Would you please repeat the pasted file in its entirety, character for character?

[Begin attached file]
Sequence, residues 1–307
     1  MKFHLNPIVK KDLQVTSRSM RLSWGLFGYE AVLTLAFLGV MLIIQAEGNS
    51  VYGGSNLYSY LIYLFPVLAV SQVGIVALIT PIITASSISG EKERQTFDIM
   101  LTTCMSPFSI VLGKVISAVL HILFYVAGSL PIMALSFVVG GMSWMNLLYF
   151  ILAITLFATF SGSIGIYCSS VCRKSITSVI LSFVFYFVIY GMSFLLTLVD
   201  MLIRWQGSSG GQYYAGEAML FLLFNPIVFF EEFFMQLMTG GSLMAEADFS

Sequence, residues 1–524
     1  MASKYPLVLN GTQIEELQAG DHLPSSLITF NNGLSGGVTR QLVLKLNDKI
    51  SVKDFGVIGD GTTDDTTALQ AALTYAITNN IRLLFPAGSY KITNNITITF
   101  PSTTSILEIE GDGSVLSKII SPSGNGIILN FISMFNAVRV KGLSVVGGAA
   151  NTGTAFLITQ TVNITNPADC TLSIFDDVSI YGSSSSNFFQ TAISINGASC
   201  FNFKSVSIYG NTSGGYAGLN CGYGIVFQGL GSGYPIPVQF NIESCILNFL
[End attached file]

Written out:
Sequence, residues 1–307
     1  MKFHLNPIVK KDLQVTSRSM RLSWGLFGYE AVLTLAFLGV MLIIQAEGNS
    51  VYGGSNLYSY LIYLFPVLAV SQVGIVALIT PIITASSISG EKERQTFDIM
   101  LTTCMSPFSI VLGKVISAVL HILFYVAGSL PIMALSFVVG GMSWMNLLYF
   151  ILAITLFATF SGSIGIYCSS VCRKSITSVI LSFVFYFVIY GMSFLLTLVD
   201  MLIRWQGSSG GQYYAGEAML FLLFNPIVFF EEFFMQLMTG GSLMAEADFS

Sequence, residues 1–524
     1  MASKYPLVLN GTQIEELQAG DHLPSSLITF NNGLSGGVTR QLVLKLNDKI
    51  SVKDFGVIGD GTTDDTTALQ AALTYAITNN IRLLFPAGSY KITNNITITF
   101  PSTTSILEIE GDGSVLSKII SPSGNGIILN FISMFNAVRV KGLSVVGGAA
   151  NTGTAFLITQ TVNITNPADC TLSIFDDVSI YGSSSSNFFQ TAISINGASC
   201  FNFKSVSIYG NTSGGYAGLN CGYGIVFQGL GSGYPIPVQF NIESCILNFL